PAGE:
Feel your entire body ache after a deadlift session? Seeing stars in between sets? Don’t worry this is common when deadlifting and this post will explain.

Why Are Deadlifts So Exhausting?

Deadlifts are a full body workout that utilize your back muscles, entire legs, core, & your biceps. A lot of weight can loaded up on the bar, which will fatigue you even further.

 

What Muscles Are Worked During The Deadlift?

Being a compound exercise, the deadlift works many muscle groups, which is why it leaves you feeling so tired. Your hamstrings play a big role in driving the weight from the floor, as well as your quads. Your glutes extend the hips, which work at the end of the movement to get the bar tight against you. Your back and core are braced throughout the entire movement keeping your body stable. Your entire back is engaged while deadlifting.

The lower back helps you hinge the weight up and at the top of the movement your entire back is holding the weight. Your traps also get a huge workout as they help your body hold the weight up and also help support shoulder position. Your core also stabilizes your body and is worked greatly during the deadlift. Your biceps also get slighty worked as they are helping hold the bar. It should be clear now why you are so tired after deadlifting.

Perform The Deadlift Safely

I’m always a huge advocate of proper form and using lighter weight when learning a movement. Working out is very dangerous and you can seriously injure yourself if you’re not using correct form and weight. I don’t want to see you guys get hurt! But I do want you to achieve the physique goals you desire, so follow these tips.

First off, there are two different ways to perform the deadlift. Conventional and sumo. When pulling conventional, your feet are shoulder width apart and your grip on the bar is just outside your legs. You are also working your lower back and hamstrings slighty more. For sumo, your feet are in a wide stance and your arms are inside your legs, working more of your quads and glutes.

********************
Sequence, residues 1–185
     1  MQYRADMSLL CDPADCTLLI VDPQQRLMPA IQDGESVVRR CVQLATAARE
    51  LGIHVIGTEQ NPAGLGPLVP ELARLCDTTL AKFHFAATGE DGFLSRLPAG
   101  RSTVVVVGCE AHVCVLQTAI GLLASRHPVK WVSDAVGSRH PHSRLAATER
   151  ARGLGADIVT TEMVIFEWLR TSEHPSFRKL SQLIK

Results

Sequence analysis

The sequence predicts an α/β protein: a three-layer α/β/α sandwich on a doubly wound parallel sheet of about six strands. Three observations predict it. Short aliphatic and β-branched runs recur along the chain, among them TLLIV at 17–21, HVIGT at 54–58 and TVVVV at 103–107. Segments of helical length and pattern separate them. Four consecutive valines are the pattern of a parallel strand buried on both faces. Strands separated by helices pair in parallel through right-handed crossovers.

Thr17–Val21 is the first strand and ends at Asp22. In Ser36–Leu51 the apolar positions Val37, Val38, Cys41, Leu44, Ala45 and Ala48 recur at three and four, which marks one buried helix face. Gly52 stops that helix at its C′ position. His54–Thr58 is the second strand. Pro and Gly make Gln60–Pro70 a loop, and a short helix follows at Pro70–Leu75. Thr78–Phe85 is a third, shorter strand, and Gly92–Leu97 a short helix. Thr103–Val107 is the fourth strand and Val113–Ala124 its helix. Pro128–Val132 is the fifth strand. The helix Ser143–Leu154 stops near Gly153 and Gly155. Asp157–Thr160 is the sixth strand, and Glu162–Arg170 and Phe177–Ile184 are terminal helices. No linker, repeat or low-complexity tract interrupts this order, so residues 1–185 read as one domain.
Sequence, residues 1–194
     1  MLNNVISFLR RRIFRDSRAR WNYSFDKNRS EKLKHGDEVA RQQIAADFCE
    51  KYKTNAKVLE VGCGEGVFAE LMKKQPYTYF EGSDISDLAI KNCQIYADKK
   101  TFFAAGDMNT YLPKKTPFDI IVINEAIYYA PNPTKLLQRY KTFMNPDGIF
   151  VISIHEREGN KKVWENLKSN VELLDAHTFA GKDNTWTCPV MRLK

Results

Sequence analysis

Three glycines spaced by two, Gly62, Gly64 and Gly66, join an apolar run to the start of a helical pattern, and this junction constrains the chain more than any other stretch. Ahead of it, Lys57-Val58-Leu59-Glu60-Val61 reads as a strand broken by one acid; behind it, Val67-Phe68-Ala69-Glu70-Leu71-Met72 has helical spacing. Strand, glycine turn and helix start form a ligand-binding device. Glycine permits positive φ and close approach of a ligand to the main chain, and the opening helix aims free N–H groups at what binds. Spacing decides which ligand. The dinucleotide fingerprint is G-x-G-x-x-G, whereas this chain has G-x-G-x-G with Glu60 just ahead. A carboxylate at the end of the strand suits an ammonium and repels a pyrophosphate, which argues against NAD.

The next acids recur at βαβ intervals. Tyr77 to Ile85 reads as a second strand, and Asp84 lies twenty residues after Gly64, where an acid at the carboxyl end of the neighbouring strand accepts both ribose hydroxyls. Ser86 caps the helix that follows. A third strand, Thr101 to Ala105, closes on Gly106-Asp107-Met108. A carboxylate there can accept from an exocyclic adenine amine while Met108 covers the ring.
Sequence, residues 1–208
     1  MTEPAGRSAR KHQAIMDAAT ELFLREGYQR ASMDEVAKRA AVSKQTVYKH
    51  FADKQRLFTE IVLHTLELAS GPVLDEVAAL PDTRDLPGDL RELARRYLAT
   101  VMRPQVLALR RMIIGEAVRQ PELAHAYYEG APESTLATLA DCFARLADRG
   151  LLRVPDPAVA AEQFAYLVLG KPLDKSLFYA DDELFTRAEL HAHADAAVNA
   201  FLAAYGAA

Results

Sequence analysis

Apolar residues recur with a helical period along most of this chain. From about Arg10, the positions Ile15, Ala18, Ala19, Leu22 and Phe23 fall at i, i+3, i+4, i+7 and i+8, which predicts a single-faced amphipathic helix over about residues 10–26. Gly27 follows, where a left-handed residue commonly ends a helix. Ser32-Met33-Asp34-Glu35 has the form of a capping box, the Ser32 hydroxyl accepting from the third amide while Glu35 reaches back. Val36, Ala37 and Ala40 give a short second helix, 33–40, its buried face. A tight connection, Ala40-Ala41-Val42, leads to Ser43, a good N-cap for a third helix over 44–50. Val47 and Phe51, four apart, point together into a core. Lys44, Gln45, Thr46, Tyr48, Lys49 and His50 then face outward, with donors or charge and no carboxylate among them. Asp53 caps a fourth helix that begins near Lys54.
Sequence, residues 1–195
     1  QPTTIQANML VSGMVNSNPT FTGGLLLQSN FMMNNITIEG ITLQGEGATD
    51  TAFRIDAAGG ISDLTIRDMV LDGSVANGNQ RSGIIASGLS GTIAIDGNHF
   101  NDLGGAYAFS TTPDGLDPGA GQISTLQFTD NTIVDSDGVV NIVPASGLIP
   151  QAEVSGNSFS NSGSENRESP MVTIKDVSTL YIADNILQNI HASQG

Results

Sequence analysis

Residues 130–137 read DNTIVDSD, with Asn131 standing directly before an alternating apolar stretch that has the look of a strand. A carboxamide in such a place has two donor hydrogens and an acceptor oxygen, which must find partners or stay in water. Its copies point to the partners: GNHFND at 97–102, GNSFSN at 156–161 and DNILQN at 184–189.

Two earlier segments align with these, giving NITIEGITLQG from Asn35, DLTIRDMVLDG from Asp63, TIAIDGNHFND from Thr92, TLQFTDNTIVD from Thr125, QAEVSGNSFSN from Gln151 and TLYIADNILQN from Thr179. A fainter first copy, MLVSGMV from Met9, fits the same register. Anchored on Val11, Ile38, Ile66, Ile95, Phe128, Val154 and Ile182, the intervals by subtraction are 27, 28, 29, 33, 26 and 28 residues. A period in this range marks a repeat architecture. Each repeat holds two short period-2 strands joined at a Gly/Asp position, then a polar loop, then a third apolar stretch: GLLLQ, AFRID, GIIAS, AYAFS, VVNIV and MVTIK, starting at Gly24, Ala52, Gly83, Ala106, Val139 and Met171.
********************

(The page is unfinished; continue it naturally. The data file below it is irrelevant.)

Which one do I choose?? A common question from lifters who want to try the deadlift is which type to choose and what is more beneficial for them. My answer is to do both. Do one for a month then switch to the other. This ensures that you are fully working all of your back and legs muscles in different ways and that you can build strength with both lifts. Many people strictly choose one or the other and that is fine too. However, by doing both you are getting the best of both worlds and reaping more benefits.

Back to proper form. The form is mainly similar for both styles. Your head and chest should be pressed up and out. You want to pin your shoulders back while squeezing your back muscles and pushing the bar off the floor with your feet. The barbell should be kept as close to the body as possible as it raises off the ground. Don’t lift your hips before the bar leaves the ground.

When doing a conventional deadlift, your toes should be pointed forward. While doing sumo, they should be pointed out towards the weights on the end of the bar. It’s important to engage your hips and really thrust them into the bar as you lift up. Think of yourself pushing the floor away with your feet rather than lifting the weight up.

This will allow you to incorporate your legs more and give you more drive to get the bar off the ground. One of the most important points is to have your back straight and not rounded. When the bar is above your knees, thrust forward squeezing your glutes and back. This will help with finishing the movement.

The deadlift is the compound movement where most people can lift their heaviest weight out of any exercise. This means there is a great potential for strength and muscle. However, it also makes it very dangerous which is why proper form is crucial.

Should you wear a lifting belt while deadlifting? I always recommend a lifting belt as it can help prevent from injury. I would first say that getting down form is more important. If your back is rounded, a belt will not prevent you from hurting it. If you have good form and you are going heavy, it is a great idea to try a belt.

A belt works by giving you a surface to brace your stomach into. This helps maintain your spine and prevent your back from rounding. A belt takes away from the core muscle during the lift, so I don’t recommend using one all the time if you want to strengthen your core. Just use the belt when you’re doing your heavy sets and are worried about injury.